History videos and exposing trauma

Nandita Kumar, Staffer

I live in a complicated environment. I’m a person of color in Lake Oswego. So, from a young age, history classes have been a mixed bag. There are some years where I’ve learned more in an English class than in a whole year of history, and there are some history classes that have pushed me to think more critically than ever before. Now, after what every white person calls, “The Social Reckoning of 2020” I’ve noticed a shift in the history classes offered at LOHS. Teachers try more and more to include a diverse collection of communities. There’s been a real push for systematic understanding. 

But the system is not made for me. As a person of color who’s attended their fair share of history classes, I’m fully cognizant of the fact that white teachers are attempting to “prove” to white students that discrimination exists. So, when the words “civil rights unit” rang in my ears midway through spring of sophomore year, my stomach dropped. Anything surrounding race, even if it’s not my race, becomes a staring game. White kids looking at me and me looking straight ahead. My skin would turn red if it could. 

For me, being a person of color in a predominantly white school means being put on the spot all the time in these units, whether intentionally or not. It means people looking at me for a response when descriptions of aggression against my people are discussed. It means I can’t be “honest about my experiences with discrimination” on the Pear Deck because there’s not enough people of color in the class to maintain anonymity. It also means reliving trauma, particularly dispensed through one mode: videos.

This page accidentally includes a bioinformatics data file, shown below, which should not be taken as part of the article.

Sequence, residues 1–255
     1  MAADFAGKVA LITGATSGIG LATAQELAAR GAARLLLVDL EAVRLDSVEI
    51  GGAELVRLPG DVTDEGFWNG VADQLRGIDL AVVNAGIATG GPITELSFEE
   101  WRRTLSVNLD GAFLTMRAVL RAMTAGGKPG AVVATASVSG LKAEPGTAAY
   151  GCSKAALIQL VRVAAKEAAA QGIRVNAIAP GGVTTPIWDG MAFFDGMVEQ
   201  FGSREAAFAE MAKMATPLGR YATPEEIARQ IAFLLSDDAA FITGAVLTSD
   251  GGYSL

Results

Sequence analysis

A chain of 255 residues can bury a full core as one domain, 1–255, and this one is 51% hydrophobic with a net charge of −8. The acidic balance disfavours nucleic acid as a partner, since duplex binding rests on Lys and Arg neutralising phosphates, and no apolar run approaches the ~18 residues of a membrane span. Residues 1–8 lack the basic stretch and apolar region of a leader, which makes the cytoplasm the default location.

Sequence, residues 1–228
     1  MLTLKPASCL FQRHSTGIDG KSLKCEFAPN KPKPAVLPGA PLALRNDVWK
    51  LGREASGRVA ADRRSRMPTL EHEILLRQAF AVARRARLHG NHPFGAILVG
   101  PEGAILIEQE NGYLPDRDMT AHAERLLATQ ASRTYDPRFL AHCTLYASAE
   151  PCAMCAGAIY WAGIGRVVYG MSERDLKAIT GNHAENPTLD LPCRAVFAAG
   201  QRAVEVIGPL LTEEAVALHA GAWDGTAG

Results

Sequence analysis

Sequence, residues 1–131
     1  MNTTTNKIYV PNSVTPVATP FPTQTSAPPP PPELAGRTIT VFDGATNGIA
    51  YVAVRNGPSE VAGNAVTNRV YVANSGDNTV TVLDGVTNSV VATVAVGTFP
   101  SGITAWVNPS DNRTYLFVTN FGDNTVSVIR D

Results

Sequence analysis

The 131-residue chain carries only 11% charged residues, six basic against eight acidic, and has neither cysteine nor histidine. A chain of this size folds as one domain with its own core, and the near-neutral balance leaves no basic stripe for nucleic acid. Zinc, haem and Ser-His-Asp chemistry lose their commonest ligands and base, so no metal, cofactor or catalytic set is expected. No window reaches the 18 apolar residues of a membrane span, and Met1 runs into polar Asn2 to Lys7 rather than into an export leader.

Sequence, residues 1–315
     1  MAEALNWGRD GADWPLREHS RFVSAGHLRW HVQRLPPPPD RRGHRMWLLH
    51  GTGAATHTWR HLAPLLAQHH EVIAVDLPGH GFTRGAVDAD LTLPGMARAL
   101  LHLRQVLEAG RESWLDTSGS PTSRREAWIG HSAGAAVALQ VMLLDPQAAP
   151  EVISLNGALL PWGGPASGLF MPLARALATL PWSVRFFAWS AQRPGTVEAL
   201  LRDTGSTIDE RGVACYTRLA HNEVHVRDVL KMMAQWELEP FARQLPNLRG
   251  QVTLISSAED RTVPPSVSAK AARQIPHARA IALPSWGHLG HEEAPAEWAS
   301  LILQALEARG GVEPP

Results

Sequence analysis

Specifically, videos of explicit brutality with explicit descriptions of murder, verbal and physical assault, and pure evil in the form of discrimination. It makes me sick to my stomach, it feels too overwhelming and personal, and it’s so easy to get caught up in the fear that already consumes my life. I understand the importance of these issues, and I’d enjoy learning more about them. But why videos? And, if they include trigger warnings, why can’t those aspects of the class be optional? 

I don’t really have a fix for this issue.The curriculum is important, but sometimes it can just be too much to handle. I know it’s not really for me, or if it is meant for people like me, it’s not very effective. I’d just like to feel more comfortable in my classes, and watching graphic depictions of the racial trauma I’m already familiar with has the opposite effect.